• Metal’s Performance Shaders bring deep support for GPU-accelerated machine learning used in speech recognition, natural language processing and computer vision
  • New Core ML framework provides easy integration of machine learning models into apps, supporting features like face tracking, face detection, landmarks, text detection, rectangle detection, barcode detection, object tracking and image registration

Media & VR support

  • Support for Valve’s SteamVR platform and HTC’s Vive VR headset
  • Support for the lossless FLAC audio format in QuickLook
  • Support for creating immersive 360-degree video and advanced 3D content with apps such as Final Cut Pro X, SteamVR, Epic Unreal 4 Editor and Unity Editor
  • HEVC/HEIF support
    • Support for the H.265 video format, also known as HEVC, that delivers up to 40 percent smaller video files than H.264, the current standard for video compression, at the same visual quality
    • HEVC enabling high-quality video streaming on networks where only HD streaming was previously possible
    • Support for the new HEIF image format with up to 2x smaller files than JPGs
  • Support for external GPU enclosures (currently limited to external displays) on any Mac with Thunderbolt 3 connectivity for VR content creation and increased performance in apps that use Metal, OpenCL and OpenGL

Apple File System

  • APFS is more efficient than HFS+ and saves you disk space
  • Helps protect data from power outages and system crashes
  • Keeps your data secure with native encryption
  • It supports taking snapshots of system files, which makes backups easier
  • Copying files/folders and getting a folder size is instantaneous
  • Specifically built for flash storage
  • 64-bit architecture makes APFS ready for tomorrow’s new storage capabilities
  • Existing drives can be converted to APFS with Disk Utility

Finder

  • Task Icon in the Finder now allows you to Clean Up and Clean Up by type
  • Default Favorites destinations now include Airdrop, Recents, Apps and Downloads
  • Toolbar changes: QuickLook’s eye icon is now removed and the order and spacing of icons has been modified slightly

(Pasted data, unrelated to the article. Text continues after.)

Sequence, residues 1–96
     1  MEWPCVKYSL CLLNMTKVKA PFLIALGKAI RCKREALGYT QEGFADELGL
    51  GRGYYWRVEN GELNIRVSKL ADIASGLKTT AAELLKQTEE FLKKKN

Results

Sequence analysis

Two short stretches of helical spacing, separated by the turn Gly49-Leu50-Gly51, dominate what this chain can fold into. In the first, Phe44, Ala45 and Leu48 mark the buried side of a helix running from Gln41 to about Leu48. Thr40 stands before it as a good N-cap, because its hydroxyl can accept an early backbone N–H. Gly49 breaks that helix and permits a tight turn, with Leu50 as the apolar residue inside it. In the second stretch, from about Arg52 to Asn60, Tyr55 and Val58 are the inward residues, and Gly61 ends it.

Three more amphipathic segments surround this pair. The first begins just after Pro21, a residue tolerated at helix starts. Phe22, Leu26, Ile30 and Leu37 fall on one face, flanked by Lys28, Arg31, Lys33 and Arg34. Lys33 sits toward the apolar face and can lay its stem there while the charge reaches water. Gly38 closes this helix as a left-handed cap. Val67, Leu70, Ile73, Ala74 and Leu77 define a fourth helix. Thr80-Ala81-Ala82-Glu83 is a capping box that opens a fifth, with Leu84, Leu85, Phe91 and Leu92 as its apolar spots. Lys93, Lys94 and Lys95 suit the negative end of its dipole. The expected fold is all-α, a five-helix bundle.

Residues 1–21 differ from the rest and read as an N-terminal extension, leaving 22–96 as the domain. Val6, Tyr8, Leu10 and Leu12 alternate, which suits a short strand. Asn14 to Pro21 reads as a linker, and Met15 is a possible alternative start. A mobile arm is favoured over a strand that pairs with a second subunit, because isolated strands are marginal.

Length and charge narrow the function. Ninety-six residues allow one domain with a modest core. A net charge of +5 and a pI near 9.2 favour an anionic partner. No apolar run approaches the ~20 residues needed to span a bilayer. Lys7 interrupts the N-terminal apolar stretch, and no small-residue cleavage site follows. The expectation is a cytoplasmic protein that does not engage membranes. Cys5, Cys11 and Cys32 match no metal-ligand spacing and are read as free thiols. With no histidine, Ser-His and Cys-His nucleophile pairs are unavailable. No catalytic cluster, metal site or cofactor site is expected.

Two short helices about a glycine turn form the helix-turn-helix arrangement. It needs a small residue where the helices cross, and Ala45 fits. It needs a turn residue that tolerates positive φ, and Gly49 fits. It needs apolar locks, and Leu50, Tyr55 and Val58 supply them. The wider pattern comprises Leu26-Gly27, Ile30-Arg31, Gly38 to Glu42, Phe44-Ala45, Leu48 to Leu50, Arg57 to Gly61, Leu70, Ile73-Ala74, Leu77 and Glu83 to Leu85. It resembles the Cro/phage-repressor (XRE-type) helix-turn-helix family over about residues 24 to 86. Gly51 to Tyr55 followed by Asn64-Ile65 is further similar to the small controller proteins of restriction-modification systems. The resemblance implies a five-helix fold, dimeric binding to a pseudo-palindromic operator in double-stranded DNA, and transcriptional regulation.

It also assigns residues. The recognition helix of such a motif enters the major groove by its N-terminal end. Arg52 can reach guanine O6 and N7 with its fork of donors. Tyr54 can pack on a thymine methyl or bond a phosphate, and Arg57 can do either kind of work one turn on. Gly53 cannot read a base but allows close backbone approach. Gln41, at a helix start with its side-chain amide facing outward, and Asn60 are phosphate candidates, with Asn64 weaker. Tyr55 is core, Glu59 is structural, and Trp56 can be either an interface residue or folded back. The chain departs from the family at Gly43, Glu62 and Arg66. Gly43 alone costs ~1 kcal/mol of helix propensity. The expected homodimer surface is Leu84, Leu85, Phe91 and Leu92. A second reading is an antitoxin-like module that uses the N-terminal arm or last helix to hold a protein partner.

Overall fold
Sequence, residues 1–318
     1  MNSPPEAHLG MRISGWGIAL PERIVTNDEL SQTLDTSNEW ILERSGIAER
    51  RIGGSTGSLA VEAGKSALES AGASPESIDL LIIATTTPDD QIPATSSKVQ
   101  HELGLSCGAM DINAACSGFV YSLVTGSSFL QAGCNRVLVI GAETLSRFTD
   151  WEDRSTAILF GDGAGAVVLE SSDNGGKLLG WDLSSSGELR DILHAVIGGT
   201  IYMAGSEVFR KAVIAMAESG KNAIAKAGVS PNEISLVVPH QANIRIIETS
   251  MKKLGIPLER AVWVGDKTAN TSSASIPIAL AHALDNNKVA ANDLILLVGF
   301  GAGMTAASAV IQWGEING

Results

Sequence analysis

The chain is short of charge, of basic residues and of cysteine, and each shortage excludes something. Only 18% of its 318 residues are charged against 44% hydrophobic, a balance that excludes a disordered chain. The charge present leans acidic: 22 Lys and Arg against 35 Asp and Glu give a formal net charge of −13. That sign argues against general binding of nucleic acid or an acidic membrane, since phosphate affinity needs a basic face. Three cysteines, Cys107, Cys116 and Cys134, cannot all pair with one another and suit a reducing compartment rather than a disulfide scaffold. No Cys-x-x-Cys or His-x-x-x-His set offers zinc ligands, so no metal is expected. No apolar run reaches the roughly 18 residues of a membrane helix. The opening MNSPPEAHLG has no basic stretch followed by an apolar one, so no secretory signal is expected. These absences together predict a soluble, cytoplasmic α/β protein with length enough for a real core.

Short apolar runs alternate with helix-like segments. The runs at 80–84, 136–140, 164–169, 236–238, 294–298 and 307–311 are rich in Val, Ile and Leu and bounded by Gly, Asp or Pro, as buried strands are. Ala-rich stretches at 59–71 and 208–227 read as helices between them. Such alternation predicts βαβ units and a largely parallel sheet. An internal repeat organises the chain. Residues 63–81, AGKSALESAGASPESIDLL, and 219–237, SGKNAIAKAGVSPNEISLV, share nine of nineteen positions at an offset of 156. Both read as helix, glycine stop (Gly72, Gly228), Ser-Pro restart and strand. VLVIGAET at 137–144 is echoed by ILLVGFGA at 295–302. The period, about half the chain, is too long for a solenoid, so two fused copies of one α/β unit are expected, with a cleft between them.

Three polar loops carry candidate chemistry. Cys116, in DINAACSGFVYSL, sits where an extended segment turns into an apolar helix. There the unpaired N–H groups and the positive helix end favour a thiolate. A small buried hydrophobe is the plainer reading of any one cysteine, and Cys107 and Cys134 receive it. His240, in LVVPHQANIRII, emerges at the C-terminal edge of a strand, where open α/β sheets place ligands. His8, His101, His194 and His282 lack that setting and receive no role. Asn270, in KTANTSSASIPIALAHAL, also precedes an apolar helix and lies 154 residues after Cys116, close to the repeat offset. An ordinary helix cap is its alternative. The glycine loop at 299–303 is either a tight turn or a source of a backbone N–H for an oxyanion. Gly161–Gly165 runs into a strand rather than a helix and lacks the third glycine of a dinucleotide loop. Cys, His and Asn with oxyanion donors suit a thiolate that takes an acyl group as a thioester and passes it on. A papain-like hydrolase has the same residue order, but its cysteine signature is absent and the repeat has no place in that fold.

Mail

  • Saves up to 35 percent of disk space
  • Top Hits puts the messages most relevant to your search at the top of the message list, based on the mail you’ve read, the senders you reply to, your VIPs and more
  • The more you search, the smarter it gets
  • Split-screen view with inbox on one side and composer on the other

Messages

  • Messages notification can now be marked as read, not just replied to
  • Messages now saves your entire message history in iCloud to save space on your Mac and let you access all your conversations and attachments when you sign in to a new device

Notes

  • Add tables to your notes: type in cells, make edits and move rows and columns
  • Your most-used notes can be pinned to the top of Notes
  • Text search now highlights words in your notes
  • View documents scanned with Notes for iOS 11

Photos

  • Photos is now more responsive
  • Support for HEIF images, HEVC videos and animated GIFs
  • Always-on sidebar with your albums albums and organization tools for sorting media by type (selfies, Live Photos, bursts, etc.)
  • Expanded Import view shows all of your past imports in chronological order
  • Navigation on the Photos tab: Photos, Moments, Collections & Years
  • New toolbar buttons: Auto-Enhance, Rotate and Favorites
  • Rotate and favorite batches of images right from the toolbar
  • Details button has been removed from the bottom
  • Edit button now reads “Edit”, no longer shows sliders graphics
  • “Live” label on Live Photos has been relocated to the top-left side
  • Filter photo collections by your favorite criteria
  • Selection counter keeps track of what you’ve selected, allowing you to drag and drop collected images into an album or export them to the desktop
  • Memories enhancements: All Memories and Favorites tabs, play a slideshow from a Memory, block Memories and get info on a Memory
  • Memories curates your photos and videos around several new topics: babies, pets, outdoor activities, performances, weddings, birthdays and sporting events
  • New editing layout with tabs across the top for Adjust, Filters and Crop
  • Support for editing depth-of-field Portrait photos
  • New Compare button while editing photos to see the original image
  • New filters: Vivid, Dramatic Warm, Dramatic Cool, Vivid Cool, Vivid Warm, Mono, Silvertone and Noir
  • Fine-tune color and contrast on your photos with curve-based editing
  • Selective Color adjustment lets you make any color within a defined color range more saturated
  • Adjust the hue, saturation and luminance of one hue without effecting the rest
  • Process photos in external editors like Photoshop or Pixelmator and have the changes automatically saved back in your Photos library
  • Video effects for Live Photos: Loop (turns your Live Photo into a looping video), Bounce (plays the action forward and backward) and Long Exposure (creates a DSLR‑like effect that blurs water or extends light trails)
  • You can now trim, mute and select a key photo for each Live Photo
  • Support for Apple’s new Project Extensions allows developers to bring project-based features to Photos for things like ordering framed prints, creating web pages, exporting slideshows and using other publishing services like Animoto, ifolor, Shutterfly, WhiteWall and Wix
  • People album now uses larger thumbnails and more accurate groupings
  • Named and recognized faces stay in sync across devices if you use iCloud Photo Library

Safari 11

  • Increased power efficiency